(Scott Cunningham/GETTY IMAGES)

Worst Replay: Perhaps the most important play of the game came in the final minute. Santana Moss appeared to catch a touchdown pass to draw Washington within one, but officials flagged Moss for offensive pass interference. You have to show that replay. Multiple times. CBS never did. I have friends who watched the live feed on their DVRs, and they offered differing opinions on the call. I needed to see it. (Video here.)

Worst Drops: They were almost all by the Patriots near the end zone, and they helped keep this thing from turning into a blowout. But Moss threw his hat into the category with his game-ending muff (above), leading to the game-ending interception.

Worst Stat: This is the sixth time in nine seasons that the Redskins have been either 4-9 or 5-8 at this point in the season. That’s the dregs right there.

Best Interception: Josh Wilson’s end zone interception of Tom Brady in the fourth quarter was not only a tremendous play; it also gave Rex Grossman the ball with a chance to drive and tie the score. (See end of this item for the image.)

Worst Pre-Game Injury: For the second time in recent memory, the Redskins lost a key player during pre-game warmups. This time, it was starting right tackle Jammal Brown, leading to a starting offensive line that went like this: Locklear, Hurt, Montgomery, Chester, Polumbus. What exactly goes on during pre-game warmups that causes players to get injured?

Worst Consistency: And thus, six men who started week 1 for the Redskins offense missed Sunday’s game entirely: Chris Cooley, Fred Davis, Tim Hightower, Trent Williams, Brown, and Kory Lichtensteiger.

Best Trick Play: Grossman to Helu to Banks to Moss, obviously. The 49-yard touchdown pass from the little left-handed Brandon Banks gave Washington the lead and stopped all the blowout jokes. It also meant that at halftime, Brady, Grossman and Banks were all tied for the game lead with one (1) touchdown pass, though Brady had the third-best passer rating of the three. Which was weird.

Worst Tackling: Everything about Rob Gronkowski’s 49-yard catch-and-run was dispiriting: The tight end dragging DeJon Gomes, the tight end shrugging off Reed Doughty, DeAngelo Hall standing around and watching, and Mike Shanahan then challenging what seemed like a clearly correct call. That was the low.

Best Defying Expectations: Minus their two best offensive players, the Redskins’ offense put up its most points of the season and racked up 463 yards, which is not what you would have expected.

Best Unleashing: With dread circling the stadium after Grossman’s early fumble in the end zone, the quarterback reared back and chucked the ball 51 yards, directly into the bosom of Donte Stallworth. It led to a field goal, and it showed that the Redskins could move the ball against the depleted and awful Patriots secondary.

Worst Rubbing It In: Andre Carter was already having a swell season, which had to hurt after he had washed out of the Jim Haslett 3-4 system. So of course he’d come back to FedEx Field, sack Grossman in the end zone, and force a fumble that New England’s Vince Wilfork recovered for a touchdown.

Best Tweet: This came from Wilfork’s wife, after his touchdown: “That’s what the [bleep] I am talking about [bleep] yeah & he brought me the ball.” But she didn’t write [bleep].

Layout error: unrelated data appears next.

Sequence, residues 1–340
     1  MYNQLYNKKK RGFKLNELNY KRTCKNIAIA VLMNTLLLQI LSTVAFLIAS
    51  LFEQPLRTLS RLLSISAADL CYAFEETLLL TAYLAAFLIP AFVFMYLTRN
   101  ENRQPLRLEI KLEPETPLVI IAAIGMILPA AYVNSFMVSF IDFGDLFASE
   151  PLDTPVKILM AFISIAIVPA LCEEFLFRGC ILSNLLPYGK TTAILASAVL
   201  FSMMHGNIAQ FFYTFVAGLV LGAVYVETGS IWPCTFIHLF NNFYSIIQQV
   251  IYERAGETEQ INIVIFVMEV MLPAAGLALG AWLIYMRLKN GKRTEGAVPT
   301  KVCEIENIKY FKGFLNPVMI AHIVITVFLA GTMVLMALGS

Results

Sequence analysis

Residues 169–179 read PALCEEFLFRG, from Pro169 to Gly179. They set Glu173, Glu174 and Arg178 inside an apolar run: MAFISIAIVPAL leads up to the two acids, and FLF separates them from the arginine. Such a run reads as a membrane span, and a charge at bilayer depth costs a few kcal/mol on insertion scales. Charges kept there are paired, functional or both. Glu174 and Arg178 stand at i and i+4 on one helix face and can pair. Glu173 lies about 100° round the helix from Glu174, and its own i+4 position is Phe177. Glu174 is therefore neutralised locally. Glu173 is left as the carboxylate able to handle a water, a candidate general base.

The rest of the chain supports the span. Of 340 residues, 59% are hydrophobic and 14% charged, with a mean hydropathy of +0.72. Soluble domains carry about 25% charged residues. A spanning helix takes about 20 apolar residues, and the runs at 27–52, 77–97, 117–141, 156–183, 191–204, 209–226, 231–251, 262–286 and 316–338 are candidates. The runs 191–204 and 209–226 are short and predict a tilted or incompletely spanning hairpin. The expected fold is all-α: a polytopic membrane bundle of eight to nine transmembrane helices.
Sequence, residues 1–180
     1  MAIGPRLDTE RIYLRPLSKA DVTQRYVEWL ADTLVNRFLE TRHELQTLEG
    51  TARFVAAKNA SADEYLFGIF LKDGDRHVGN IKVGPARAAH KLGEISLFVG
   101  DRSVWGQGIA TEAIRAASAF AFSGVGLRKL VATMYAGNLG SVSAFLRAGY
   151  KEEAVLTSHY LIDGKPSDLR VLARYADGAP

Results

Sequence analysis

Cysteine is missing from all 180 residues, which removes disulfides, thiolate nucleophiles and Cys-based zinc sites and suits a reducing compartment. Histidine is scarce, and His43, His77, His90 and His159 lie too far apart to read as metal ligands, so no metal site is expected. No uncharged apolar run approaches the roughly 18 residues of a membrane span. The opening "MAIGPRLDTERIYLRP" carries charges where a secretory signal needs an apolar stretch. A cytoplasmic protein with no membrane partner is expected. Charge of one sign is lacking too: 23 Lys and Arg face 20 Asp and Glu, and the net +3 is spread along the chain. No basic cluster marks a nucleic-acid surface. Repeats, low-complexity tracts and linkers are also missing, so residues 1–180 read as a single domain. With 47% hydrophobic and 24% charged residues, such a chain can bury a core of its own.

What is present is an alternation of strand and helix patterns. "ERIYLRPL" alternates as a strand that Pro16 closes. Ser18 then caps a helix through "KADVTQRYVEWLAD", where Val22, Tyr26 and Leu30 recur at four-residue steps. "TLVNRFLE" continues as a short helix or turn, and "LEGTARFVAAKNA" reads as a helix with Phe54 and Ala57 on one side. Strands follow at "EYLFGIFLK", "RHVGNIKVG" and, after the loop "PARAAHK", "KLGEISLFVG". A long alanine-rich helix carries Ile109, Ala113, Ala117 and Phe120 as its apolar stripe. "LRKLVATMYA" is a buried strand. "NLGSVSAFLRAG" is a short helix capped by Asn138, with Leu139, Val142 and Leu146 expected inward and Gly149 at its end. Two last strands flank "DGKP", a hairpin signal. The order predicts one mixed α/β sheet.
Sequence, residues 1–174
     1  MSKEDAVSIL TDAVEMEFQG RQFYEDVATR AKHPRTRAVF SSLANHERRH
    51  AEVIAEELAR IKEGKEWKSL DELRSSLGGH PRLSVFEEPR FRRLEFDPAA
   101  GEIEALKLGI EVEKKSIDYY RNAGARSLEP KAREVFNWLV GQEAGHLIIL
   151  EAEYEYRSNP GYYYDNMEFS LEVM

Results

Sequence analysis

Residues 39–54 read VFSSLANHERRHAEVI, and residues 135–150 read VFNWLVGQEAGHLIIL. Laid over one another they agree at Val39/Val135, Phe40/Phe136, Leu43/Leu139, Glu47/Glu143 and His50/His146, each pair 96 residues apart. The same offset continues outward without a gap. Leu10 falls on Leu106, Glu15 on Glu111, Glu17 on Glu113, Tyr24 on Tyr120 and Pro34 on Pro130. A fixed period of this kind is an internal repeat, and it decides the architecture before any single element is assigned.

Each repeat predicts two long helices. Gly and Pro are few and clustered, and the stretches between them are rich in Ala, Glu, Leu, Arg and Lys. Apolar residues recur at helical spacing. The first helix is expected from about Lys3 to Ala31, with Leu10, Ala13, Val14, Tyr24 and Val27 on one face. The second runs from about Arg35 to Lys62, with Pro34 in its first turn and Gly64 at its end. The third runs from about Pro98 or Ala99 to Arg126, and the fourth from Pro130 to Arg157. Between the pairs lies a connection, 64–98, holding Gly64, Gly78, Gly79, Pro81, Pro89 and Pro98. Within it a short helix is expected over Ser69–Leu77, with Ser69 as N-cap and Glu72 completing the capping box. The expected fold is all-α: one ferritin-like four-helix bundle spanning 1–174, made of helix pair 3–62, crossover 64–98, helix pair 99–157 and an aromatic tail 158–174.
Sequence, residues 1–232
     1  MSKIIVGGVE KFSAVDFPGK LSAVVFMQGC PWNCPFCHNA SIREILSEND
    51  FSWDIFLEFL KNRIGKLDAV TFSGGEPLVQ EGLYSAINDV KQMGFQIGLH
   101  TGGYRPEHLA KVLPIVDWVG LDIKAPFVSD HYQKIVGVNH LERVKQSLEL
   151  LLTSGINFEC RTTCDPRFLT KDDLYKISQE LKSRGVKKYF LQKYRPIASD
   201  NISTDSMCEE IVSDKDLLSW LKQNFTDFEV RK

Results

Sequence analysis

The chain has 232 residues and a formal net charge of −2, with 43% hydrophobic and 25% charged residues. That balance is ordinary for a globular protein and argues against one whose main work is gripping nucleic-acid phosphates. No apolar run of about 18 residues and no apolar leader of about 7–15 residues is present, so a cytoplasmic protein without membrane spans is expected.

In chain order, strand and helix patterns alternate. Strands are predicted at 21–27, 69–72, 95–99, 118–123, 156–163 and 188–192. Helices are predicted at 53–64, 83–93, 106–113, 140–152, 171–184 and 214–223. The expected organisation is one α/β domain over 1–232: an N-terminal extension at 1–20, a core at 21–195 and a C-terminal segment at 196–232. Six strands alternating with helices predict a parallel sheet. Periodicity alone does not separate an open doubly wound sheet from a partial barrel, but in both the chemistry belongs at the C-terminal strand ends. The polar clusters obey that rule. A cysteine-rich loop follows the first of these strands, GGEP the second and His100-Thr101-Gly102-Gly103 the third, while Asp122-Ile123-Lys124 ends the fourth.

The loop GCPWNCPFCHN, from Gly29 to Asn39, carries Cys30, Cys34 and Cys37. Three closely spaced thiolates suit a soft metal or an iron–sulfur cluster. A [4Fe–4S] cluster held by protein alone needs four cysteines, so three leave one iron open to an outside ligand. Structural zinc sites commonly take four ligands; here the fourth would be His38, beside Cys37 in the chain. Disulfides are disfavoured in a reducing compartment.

Worst Composure: DeAngelo Hall picking up a penalty flag and chucking it down the field earned the Patriots 15 yards. He’s a defensive team captain. “That’s just stupid,” Greg Gumbel said on the CBS broadcast.

Worst Streaks: Now and forever, it’s the turnovers. The Redskins have turned the ball over at least once in 27 straight games, the longest streak in the NFL. Also, Grossman himself has turned the ball over at least once in 15 straight games. This year, he has 20 turnovers in the 10 games he’s started.

Worst Kickoff: Why do the Redskins keep kicking the ball out-of-bounds? Do the occasional times when this works out and the other team starts at the 14 really work out for the occasional time when the ball goes out-of-bounds and the other team starts at the 40? Wouldn’t it be more fun just to kick the ball through the end zone every single time?

Worst Debut As a Starter: I didn’t notice Logan Paulsen much one way or the other, but he was extremely noticeable when he was called for a false start on 3rd-and-goal from the New England 1. That led to a failed 3rd down and a field goal. Good work, Fred Davis.

Worst End Zone Leap: Jabar Gaffney’s touchdown catch in the first half signaled that this would actually be a competitive football game. He celebrated by leaping into the end zone stands, and landing directly in the lap of a man in a Red Sox jacket and Patriots hat. (Video here.) Granted, those Red Sox types were everywhere on Sunday, but you have to aim better than that. (Although, actually, David Anderson later appeared to jump into the exact same fan’s lap, so maybe this was some dastardly plot.)

Best End Zone Leap: Sadly, when Gronkowski scored his second touchdown, he leaped gently into the arms of a different Pats fan behind the goal post.

Best Running Back: Around about week 2, every Redskins fan decided Roy Helu was the best back on this team’s roster. For once, they were all right. Helu went over 100 yards on Sunday for the third straight game, making him the first Redskins rookie runner ever to do so. “Roy Helu is the truth,” Brian Mitchell said after the game.

Second-Best Running Back: Evan Royster everyone! The other rookie runner went for 44 yards on 6 carries, for a better average than either Tim Hightower or Ryan Torain managed this season.

Worst Standings: The Redskins are now in sole possession of last place in the NFC East. They looked better, they didn’t give up, there are a few promising young pieces, and their draft standing improved, but last place is last place is last place.

(Scott Cunningham/GETTY IMAGES)